11. Respect Respectfully, I think you missed the class in urban planning on air and light. Even Manhattan building codes have setbacks (although they vary by neighborhood). Hillsboro Village is not downtown. All "urban neighborhoods" do not have to consist of towering buildings built to the sidewalk. This is one of the problems in Nashville today--neither the development staff nor a lot of interested amateurs has a very sophisticated understanding of urban planning. They seem to think all "urban" built environments should look the same. If you have any evidence that setbacks increase crime, let me know. But I guess the best evidence that our current development regime isn't working very well comes from the fact that every single day someone spontaneously comments about how unlivable this city is becoming. If we are doing such a great job, why are so many people unhappy? And let me add these are people (like me) who love urban living.
  12. Well, I DO live in the neighborhood, and have lived there for 20 years, so allow me to say that I have a lot of problems with this development. It is overbuilt for the lot and the setback (which I do not believe the rendering accurately depicts) is not sufficient. This is a classic example of how our planning process is broken (which I blame on the planning staff). This developer could build 30 plus units on this property as of right, yet somehow has convinced planning that 76 units is just fine, with basically no setback. As you admit, the "affordable" apartments are a joke and just a ploy to make the project more palatable.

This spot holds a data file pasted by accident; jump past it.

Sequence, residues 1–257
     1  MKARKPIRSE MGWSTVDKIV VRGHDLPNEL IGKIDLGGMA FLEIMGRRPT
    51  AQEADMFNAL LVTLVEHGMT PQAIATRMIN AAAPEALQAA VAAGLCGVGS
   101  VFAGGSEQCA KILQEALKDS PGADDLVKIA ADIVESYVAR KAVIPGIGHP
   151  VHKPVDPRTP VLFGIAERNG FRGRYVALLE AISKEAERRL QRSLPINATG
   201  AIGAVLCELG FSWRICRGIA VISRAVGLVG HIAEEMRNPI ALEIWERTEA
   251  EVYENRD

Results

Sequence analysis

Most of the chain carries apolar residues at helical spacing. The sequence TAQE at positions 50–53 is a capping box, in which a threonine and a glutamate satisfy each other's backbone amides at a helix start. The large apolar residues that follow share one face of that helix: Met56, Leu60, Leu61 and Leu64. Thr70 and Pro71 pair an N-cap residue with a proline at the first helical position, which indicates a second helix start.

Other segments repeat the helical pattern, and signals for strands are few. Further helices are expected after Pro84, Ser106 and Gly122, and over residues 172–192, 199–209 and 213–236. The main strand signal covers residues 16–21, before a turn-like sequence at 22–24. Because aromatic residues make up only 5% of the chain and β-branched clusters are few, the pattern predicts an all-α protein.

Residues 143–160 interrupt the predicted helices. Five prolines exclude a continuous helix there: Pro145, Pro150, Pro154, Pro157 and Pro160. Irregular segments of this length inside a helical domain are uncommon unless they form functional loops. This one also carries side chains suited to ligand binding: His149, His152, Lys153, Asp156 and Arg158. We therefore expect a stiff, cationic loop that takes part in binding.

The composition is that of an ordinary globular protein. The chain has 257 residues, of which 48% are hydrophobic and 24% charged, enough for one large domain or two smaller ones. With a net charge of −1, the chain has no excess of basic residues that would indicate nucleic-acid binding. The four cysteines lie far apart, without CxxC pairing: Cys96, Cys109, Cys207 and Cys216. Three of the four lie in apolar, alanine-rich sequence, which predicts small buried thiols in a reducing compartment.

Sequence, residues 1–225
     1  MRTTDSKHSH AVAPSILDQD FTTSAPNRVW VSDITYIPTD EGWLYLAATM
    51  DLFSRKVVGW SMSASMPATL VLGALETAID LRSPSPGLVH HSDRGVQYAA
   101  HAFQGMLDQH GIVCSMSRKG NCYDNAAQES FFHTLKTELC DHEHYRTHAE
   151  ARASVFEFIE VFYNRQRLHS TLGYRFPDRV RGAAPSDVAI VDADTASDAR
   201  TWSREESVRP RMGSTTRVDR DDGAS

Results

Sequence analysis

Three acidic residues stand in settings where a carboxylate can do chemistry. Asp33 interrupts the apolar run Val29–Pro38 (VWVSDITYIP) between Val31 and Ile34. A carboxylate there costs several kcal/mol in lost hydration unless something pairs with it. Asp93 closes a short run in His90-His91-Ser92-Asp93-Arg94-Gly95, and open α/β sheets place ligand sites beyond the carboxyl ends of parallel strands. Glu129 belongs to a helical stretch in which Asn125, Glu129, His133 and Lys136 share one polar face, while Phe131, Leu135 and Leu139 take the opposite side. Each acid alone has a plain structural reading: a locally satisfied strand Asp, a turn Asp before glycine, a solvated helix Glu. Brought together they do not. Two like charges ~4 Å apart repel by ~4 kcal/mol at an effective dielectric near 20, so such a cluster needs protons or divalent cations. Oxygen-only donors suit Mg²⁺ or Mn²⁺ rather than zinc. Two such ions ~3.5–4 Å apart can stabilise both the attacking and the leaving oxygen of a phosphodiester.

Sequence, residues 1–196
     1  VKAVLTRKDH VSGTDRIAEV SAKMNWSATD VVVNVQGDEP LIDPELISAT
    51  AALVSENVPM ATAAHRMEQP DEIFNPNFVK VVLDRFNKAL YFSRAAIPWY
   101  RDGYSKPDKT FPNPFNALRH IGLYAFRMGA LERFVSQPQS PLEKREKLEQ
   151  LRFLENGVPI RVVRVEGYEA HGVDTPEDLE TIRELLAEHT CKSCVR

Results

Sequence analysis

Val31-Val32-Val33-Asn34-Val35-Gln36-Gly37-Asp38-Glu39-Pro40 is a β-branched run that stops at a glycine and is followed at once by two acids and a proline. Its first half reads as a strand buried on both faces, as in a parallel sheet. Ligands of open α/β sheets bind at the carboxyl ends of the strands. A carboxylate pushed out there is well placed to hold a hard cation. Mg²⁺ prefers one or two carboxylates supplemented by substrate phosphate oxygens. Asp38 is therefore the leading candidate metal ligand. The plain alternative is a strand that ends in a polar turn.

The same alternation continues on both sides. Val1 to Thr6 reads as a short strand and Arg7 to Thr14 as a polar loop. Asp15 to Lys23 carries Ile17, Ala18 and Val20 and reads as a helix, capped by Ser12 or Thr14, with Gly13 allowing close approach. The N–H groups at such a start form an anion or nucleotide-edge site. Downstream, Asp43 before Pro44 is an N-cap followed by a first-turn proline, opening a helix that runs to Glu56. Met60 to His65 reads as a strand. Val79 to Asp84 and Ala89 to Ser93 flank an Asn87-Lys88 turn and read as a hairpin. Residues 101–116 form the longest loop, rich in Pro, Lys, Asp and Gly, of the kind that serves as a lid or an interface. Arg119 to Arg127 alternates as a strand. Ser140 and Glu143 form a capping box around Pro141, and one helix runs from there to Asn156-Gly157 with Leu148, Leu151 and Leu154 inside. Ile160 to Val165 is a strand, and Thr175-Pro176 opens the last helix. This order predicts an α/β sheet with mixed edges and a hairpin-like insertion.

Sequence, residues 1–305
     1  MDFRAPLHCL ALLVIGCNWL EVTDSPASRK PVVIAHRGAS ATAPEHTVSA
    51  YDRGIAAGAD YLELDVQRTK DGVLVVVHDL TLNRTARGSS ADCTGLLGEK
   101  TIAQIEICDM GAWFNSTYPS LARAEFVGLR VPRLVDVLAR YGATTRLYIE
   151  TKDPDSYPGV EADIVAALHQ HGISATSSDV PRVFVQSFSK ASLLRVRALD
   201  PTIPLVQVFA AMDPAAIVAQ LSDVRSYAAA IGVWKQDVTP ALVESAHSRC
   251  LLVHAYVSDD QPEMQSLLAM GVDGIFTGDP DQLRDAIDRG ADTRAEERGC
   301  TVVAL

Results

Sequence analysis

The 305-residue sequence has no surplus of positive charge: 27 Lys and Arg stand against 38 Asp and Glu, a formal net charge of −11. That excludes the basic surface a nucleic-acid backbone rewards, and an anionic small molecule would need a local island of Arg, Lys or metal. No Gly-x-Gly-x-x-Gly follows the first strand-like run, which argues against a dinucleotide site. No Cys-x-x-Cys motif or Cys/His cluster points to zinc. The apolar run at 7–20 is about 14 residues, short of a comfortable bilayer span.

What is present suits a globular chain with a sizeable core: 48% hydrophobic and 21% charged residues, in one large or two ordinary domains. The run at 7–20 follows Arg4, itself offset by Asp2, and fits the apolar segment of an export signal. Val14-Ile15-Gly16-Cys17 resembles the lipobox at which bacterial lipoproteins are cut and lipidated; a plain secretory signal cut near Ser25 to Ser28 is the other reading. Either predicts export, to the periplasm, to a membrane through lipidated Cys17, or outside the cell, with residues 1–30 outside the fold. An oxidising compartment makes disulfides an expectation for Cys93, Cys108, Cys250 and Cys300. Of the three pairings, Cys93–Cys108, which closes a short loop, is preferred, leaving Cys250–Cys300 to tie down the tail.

13. Doesn't this look more or less like every new apartment building constructed in Nashville over the last three years? I am glad they put the number on the side. Otherwise, it would be completely indistinguishable from the others. Will look better than the dilapidated nursing home (I suppose), but disappointing for a high traffic corridor.
  14. Yes this is one of those designs that does not improve with age. At all. It actually looks worse now than it did when it was first released.
  15. I don't think this comment is either fair or factual. I can't speak for others, but I am successful financially, and well-educated, and I live within a mile of this project, in a single-family house that has escalated in value beyond all imagining. But I understand what these commenters are lamenting. While Historic Nashville is sometimes guilty of painting with too broad a brush (every old building is not "historic"), people on this board often don't seem very discriminating about good development vs. mediocre development. Nashville has a lot of the latter and not that much of the former. Cheaply built crap that is just a rehash of other plans (e.g., the Encore building, the bottom of which already looks like something in Eastern Europe) is not necessarily something to get excited about when it replaces an early 20th century streetscape. Again, I agree that the preservationists sometimes go too far, but maybe some on this board should give some thought to the qualities that make a city memorable or even distinguishable from every other city in the world. These old buildings are a big part of the character of the city. There should be a way to encourage development (on empty lots, for example, which we have plenty of) while at least preserving some of our historic streetscapes. But anyway, regardless of where you stand on this issue, I don't think it's fair to say that these are just bitter po' folks.